Making a successful family leadership change is never easy, but Sulser shared that his father was great through the process and allowed him room to lead and develop his own leadership style.  Sulser noted, “I worked very hard to really learn the business and to earn the trust and respect of the employees.”  He continued, “It was an interesting change coming from the law and abstract ideas to the practical realities of the importance of numbers and metrics in our business.”  In addition to succeeding his father, Sulser was essentially learning to work with a new partner in Jerry Lee.  The Sulser and Dearman families own the business 50-50, and so Sulser and Lee continued the successful tradition of their predecessors in learning to run a business cooperatively as equals.

Sulser candidly shared that he learned some powerful lessons in survival during the Great Recession years.  Their business, like many others tied to housing, took a major hit.  He noted, “Our industry had always been cyclical, but the challenges we faced in 2008 and the years following were unlike anything we had ever experienced.”  The owners cut and eventually eliminated their salaries; hard decisions were made; and they obtained creative financing to survive.  However, out of those hard times came opportunity.  As the economy slowly returned, they were a lean and highly efficient organization and began to have record growth and profits.  This rebound has now culminated in the acquisition of the company by Canfor, a publicly traded Canadian lumber company, which is scheduled to close in April.  I was inspired by Sulser and his team’s story of perseverance and resilience, and I am excited for the owners to have achieved the feat of exiting on a real high note.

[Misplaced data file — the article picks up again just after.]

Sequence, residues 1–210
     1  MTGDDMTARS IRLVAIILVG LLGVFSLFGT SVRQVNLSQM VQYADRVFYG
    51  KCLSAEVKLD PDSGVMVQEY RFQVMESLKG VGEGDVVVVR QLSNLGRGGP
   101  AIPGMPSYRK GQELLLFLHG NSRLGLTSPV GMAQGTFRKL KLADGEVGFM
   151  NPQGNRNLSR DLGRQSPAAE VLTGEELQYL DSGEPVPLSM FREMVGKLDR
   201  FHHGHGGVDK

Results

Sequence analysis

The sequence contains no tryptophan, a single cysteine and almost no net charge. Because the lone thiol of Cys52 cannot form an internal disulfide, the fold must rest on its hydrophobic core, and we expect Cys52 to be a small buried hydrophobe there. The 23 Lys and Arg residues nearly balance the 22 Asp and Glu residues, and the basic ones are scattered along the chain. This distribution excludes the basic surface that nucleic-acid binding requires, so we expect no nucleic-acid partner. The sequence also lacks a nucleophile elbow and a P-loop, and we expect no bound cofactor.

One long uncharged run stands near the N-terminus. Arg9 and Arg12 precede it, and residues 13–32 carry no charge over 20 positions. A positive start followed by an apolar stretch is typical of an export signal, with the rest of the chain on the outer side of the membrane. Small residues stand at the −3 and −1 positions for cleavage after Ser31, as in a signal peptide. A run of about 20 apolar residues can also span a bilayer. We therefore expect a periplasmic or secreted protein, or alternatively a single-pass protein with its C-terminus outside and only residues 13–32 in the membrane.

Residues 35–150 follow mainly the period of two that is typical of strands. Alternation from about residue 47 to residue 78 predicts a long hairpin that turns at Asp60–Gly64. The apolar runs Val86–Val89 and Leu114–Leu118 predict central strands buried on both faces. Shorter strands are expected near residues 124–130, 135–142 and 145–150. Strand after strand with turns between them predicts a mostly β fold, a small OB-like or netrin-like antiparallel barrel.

[Originally published in the Mississippi Business Journal, November 26, 2014.] Read More

I recently read an article advising foreigners on how to adapt to life in the United States.  It noted, “Life in the U.S. is generally fast paced and busy.  People don’t want to waste time on anything, even food. That is why the U.S. invented fast food and is the largest consumer of fast food.”  We are a culture that wants what we want, and we want it now!  For example, in order to provide more speed to consumers, Amazon recently partnered with the U.S. Postal service for Sunday deliveries.  Companies that will succeed in this new era will find ways to deliver an outstanding customer experience with the speed consumers are demanding.


Bernard T. (Bernie) Reed